Building Relationships with Journalists: Best Practices for PR
Date: July 18, 2023
Building relationships with journalists and publications is a key aspect of the public relations (PR) industry. These relationships are crucial for any PR agency or professional, as it allows them to secure media placements for their clients, which in turn boosts their client’s brand reputation. Not only that, but the relationships built with journalists allow a PR professional to gain insights and knowledge of the upcoming work the journalist may have. This ultimately creates a long-term relationship built on mutual trust.
Creating long-term relationships with journalists will take some time, as they are busy individuals with hard deadlines and contact preferences. However, don’t let that discourage you from reaching out to them about any company updates you might have or any newsworthy-related updates.
Establishing Your Credibility as a Reliable Source
When building relationships with journalists, it’s crucial to remember that you are their source of information. For example, if you’re a personal injury law firm and you see on social media that a journalist is seeking advice on what to do after a car accident, promptly provide the information and a brief description of your law firm’s experiences, achievements, and accolades. This will allow you to give the journalist reliable information, establish your credibility for future opportunities, and allow journalists to meet their required deadlines for publication.
As a reliable source, journalists may contact you for further insights and interviews. To make the most of this opportunity, there are five things you can do to prepare yourself for the interview and ensure you are using your time with the journalist effectively.
- Ask for the list of questions they will be asking.
- Record yourself answering the questions and take note of your ‘filler’ words.
- Pace your answers.
- Allow yourself time between each question, as journalists take the time to write down what you have said.
- Prepare to answer any additional questions, as your answers may spark the journalist to dive deeper and ask further questions.
Respecting Journalists’ Deadlines and Preferences
Journalists receive many emails, so showing respect by sending concise and relevant pitches can go a long way. In addition, they often prioritize pitches based on the subject line and quickly skim the contents of the email to determine if it aligns with their current work. Therefore, it’s crucial for your pitches to be newsworthy and straightforward in order to capture their interest. It is also important to consider the timing of when you send your pitch to journalists. For example, avoid sending pitches on Fridays or around holidays, as most publications set the journalists’ deadlines for holiday opportunities at least six months in advance.
Journalists often have a preferred time for receiving pitches too. This information is typically listed on the PR media database, Muck Rack. The platform allows journalists to specify their preferred time of day to receive a pitch, the pitch length, and their desired pitching outreach methods. This valuable database is an essential tool for PR professionals looking to uphold their clients’ visibility with specific journalists.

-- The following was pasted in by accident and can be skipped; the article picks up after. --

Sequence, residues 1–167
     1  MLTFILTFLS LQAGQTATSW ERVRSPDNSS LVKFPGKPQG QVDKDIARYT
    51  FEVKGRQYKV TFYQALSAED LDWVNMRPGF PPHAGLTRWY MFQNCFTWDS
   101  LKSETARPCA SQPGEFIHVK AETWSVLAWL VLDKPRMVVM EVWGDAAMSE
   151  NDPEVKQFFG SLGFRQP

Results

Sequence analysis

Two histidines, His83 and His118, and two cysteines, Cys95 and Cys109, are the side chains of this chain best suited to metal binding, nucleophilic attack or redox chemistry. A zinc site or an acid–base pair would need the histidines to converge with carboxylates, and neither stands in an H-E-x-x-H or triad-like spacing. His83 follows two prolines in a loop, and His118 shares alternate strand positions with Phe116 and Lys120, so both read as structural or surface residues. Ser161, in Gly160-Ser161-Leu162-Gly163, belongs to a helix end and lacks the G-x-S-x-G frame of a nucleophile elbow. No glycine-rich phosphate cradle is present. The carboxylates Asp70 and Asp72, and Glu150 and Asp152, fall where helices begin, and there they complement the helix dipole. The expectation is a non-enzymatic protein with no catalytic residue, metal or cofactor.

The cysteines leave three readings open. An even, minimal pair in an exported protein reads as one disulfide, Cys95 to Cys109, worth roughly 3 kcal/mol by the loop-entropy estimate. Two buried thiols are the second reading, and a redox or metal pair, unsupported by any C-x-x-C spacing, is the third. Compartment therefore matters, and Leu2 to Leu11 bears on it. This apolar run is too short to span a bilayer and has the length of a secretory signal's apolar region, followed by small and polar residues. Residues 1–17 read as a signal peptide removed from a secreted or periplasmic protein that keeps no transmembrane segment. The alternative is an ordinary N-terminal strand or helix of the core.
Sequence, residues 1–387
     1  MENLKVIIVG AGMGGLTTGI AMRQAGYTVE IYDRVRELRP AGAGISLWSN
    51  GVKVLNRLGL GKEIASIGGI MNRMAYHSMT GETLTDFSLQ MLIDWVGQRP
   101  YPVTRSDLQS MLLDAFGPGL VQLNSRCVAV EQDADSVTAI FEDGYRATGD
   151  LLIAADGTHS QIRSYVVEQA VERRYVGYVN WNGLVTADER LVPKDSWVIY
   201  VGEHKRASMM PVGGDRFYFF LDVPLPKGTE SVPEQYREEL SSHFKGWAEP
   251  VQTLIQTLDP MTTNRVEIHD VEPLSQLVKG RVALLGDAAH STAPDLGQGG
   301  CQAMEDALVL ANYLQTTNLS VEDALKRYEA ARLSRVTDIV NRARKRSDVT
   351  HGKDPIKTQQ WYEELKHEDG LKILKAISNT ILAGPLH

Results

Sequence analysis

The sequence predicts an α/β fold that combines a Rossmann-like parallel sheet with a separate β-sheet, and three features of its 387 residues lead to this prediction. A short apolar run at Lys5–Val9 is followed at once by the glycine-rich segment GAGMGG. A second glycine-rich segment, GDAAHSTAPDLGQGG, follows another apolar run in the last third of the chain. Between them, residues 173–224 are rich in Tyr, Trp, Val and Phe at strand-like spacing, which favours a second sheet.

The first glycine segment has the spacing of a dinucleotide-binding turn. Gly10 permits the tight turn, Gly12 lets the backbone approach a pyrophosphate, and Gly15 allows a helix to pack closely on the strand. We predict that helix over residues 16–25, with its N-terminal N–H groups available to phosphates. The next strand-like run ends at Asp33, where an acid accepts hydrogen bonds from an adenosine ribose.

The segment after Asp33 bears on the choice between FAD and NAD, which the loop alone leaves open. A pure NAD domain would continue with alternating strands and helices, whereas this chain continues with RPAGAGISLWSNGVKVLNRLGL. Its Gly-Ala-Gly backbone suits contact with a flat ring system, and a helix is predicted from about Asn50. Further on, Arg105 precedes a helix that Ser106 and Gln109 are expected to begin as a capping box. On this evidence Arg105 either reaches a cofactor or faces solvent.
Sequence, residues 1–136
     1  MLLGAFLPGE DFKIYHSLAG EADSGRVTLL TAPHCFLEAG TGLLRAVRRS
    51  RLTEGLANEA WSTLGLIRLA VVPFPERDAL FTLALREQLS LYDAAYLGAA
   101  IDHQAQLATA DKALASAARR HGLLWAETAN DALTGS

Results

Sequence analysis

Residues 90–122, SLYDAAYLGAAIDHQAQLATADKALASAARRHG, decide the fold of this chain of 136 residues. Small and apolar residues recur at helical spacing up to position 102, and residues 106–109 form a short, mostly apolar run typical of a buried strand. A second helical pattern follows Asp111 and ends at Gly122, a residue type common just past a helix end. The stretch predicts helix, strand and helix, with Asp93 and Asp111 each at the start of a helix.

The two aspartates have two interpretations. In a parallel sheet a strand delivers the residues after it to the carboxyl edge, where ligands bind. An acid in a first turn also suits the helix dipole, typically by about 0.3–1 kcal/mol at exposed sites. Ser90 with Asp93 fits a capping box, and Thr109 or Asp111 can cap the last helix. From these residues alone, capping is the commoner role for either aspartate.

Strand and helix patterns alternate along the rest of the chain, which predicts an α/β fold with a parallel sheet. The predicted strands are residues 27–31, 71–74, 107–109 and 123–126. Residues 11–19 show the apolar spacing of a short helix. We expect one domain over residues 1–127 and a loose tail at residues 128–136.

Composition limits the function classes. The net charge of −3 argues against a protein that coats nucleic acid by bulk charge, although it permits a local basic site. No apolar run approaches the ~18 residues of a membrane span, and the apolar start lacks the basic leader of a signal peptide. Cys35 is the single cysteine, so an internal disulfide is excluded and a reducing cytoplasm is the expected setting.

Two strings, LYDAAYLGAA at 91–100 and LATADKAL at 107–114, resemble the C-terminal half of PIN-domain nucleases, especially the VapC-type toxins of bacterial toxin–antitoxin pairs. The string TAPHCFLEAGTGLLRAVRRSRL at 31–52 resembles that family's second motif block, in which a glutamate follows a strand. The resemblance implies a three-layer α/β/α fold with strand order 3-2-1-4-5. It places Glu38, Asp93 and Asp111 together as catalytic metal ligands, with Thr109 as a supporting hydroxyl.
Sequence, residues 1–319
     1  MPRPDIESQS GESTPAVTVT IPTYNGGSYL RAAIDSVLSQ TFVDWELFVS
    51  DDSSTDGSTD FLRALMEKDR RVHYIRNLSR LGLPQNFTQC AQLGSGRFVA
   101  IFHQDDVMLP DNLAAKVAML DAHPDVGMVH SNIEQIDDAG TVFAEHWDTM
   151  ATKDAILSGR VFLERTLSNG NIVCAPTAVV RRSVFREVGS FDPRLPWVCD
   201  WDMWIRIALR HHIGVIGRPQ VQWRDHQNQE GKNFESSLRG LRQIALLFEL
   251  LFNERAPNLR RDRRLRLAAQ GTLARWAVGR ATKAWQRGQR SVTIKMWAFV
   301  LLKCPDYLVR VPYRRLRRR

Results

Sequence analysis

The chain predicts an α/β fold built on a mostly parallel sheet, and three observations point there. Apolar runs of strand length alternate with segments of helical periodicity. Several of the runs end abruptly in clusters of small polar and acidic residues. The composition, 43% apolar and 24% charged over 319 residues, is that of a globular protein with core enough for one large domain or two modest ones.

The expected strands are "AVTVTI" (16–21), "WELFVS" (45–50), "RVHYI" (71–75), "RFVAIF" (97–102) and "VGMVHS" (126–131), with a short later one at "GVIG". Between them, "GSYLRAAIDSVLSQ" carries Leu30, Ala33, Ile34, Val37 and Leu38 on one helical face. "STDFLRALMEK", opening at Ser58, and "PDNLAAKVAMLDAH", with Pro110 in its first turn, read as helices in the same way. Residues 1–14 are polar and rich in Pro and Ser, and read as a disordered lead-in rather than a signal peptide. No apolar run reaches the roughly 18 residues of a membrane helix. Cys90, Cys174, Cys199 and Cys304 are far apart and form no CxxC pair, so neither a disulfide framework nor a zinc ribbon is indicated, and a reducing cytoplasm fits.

Building relationships with journalists becomes easier as you start to respect the time and communication preferences a journalist has.
Nurturing Long-term Relationships and Mutual Trust
At the end of the day, journalists are people too, and just like friendships, you need to nurture and respect them. That means understanding when things are busy because of a holiday, respecting their deadlines, and considering that they may also be working on other articles.
It’s important to note that due to COVID-19, numerous journalists have shifted to freelance work, which means they are not tied to one publication. Typically, freelance writers collaborate with several publications, some of which have similar audiences while others have diverse ones. Bear this in mind when reaching out to them.
In addition to working with several publications, they must meet the deadlines set by each one. So following up on a pitch a journalist may have been interested in, or touching base about an article to see when it will be published, may be causing more harm than you realize, as journalists prefer to work with individuals who trust and appreciate the effort they put into each article. They also value those who thank them for their time and those who avoid sending multiple follow-ups in one week.
Just like any other friendship you’ve formed, feel free to ask a journalist about their current projects or how they’re doing. You can even let them know that you enjoyed their recent article. Doing this enables journalists to see that you care about them and their work. You can also share with them the latest news on your client or send a more casual pitch to let them know about your clients’ latest updates. However, it’s important to keep in mind that journalists have their own lives outside of writing for publications and shouldn’t be taken advantage of just because you have a relationship with them.
Contact us to learn more about how our digital PR team can start building relationships between journalists and your law firm!